469 Its Institution (Kant with Luther)

no longer menaces souls. Anomie also no longer menaces transcendental freedom properly speaking, namely, the self as the initiating function of the categories. The self is the event of a relation which consciousness establishes with itself and from whence are born the a priori forms. It differs from these forms only as enunciating differs from what is enunciated. The self remains not only inscribed in the nomic fabric of these forms, it is the very texture of that fabric considered in terms of texere: being made {se faisant}. Anomie still menaces, diabolically,117 the will as free from submission to desires. “The willfulness of man is deprived of rules.” Like Luther before him, Kant detects “radical evil” in this tendency.

Before examining the torments and the pathos with which this evil affects originary freedom, let us raise, in Kant, a parallel to the polysemic concept of cause which we have just seen. The categorical act through which I measure a priori every maxim indicates a noumenal cause; actions are the effects of that act, and it lodges us in an “incomprehensible” world. On the other hand, the categorial act through which I measure a priori all experiences leads me to know phenomenal causes; the schema are its effects, and it renders our world comprehensible to us. But the self acts in these two acts. It is the transcendental cause, the effects of which are all the subjective functions, and which makes us comprehensible to ourselves as “determining.” Kant causes a rigorously parallel polysemy to be subject to the other categories. Take, for instance, the very first one in the table of categories—unity. A person is one, in the noumenal sense; in gathering together the sense manifold, experience is one in the categorial sense; consciousness is one, finally, in the transcendental sense.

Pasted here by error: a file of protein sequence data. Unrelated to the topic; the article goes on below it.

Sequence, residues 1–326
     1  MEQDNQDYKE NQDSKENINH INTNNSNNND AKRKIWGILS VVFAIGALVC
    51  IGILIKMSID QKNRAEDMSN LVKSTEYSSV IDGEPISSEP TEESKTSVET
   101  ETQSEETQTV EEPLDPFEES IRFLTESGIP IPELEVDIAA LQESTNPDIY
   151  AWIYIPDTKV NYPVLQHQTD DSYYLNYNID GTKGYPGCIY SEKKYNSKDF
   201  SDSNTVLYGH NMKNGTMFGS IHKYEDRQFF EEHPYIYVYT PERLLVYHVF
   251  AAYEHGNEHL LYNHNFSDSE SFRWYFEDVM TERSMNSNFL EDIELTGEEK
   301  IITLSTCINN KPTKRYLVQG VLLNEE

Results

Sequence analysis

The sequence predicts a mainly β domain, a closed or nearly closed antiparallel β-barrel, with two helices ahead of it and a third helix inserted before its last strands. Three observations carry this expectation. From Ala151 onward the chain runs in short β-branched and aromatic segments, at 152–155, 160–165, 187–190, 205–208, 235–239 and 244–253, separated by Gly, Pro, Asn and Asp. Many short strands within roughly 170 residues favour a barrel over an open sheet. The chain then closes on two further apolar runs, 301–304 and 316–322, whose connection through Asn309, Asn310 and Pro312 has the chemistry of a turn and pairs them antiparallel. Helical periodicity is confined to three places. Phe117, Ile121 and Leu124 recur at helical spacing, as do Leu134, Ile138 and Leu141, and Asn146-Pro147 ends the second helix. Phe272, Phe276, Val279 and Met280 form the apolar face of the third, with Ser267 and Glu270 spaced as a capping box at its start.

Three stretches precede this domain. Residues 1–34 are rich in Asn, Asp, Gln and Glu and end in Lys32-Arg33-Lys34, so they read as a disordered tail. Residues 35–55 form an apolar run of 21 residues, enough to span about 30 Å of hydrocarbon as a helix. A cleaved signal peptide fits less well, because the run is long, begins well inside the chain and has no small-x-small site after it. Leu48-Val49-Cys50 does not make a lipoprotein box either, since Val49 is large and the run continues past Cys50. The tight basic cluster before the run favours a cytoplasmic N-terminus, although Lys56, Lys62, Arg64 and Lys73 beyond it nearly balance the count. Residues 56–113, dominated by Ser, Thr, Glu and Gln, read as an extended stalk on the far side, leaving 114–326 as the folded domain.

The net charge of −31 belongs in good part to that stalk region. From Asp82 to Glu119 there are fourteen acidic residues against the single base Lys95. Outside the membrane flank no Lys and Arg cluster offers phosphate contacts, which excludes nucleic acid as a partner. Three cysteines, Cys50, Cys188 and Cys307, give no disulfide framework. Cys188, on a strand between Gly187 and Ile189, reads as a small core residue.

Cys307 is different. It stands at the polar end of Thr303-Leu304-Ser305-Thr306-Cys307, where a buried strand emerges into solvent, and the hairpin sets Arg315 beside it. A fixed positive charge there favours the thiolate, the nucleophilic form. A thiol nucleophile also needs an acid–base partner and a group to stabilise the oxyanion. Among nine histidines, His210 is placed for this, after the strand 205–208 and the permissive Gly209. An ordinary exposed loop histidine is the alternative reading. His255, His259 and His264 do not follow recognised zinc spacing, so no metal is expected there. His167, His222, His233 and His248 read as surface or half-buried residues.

I have said ultimate referents are distinguished from supreme referents through their relational nature. Perhaps God, man, and the world reign supreme in Kant. However, self-consciousness, insofar as it is refl ected and is determined through that relation as a transcendental cause—as self—reigns here as the fantasm of last resort.

Only, here again, the legislative strategy is inscribed in a differend with a transgressive strategy which is also a cause, with the ego.

On a pre-individual singularization: the ego reconsidered

“The willfulness of man is deprived of rules.” Eigensinn certainly has something to do with freedom. But the sense through which I seek what is mine, and in which one may see again a manifestation of the ego, is certainly of a nature entirely other than the transcendental self. The ego is no more posited as the determinate negation of the self here than it is in Luther. How, then, is it posited? How is it opposed to the self?

The emancipatory audacity of the project of autonomy can best be seen in the axiom “You should, therefore you can.” On the strength of that conviction, two centuries ago the West entered into the Age of Reason, an advance perhaps no less decisive than the Bronze Age following that of the age of the reindeer, inasmuch as henceforth we make the materials for mastering nature ourselves. . . . The moderns have ceased to endure the strange cavalcades consuming the subject unto death. The self and the ego are both born from our own freedom. There certainly was boldness in the Lutheran hero of faith who upheld, without natural assistance, the double bind—“You should,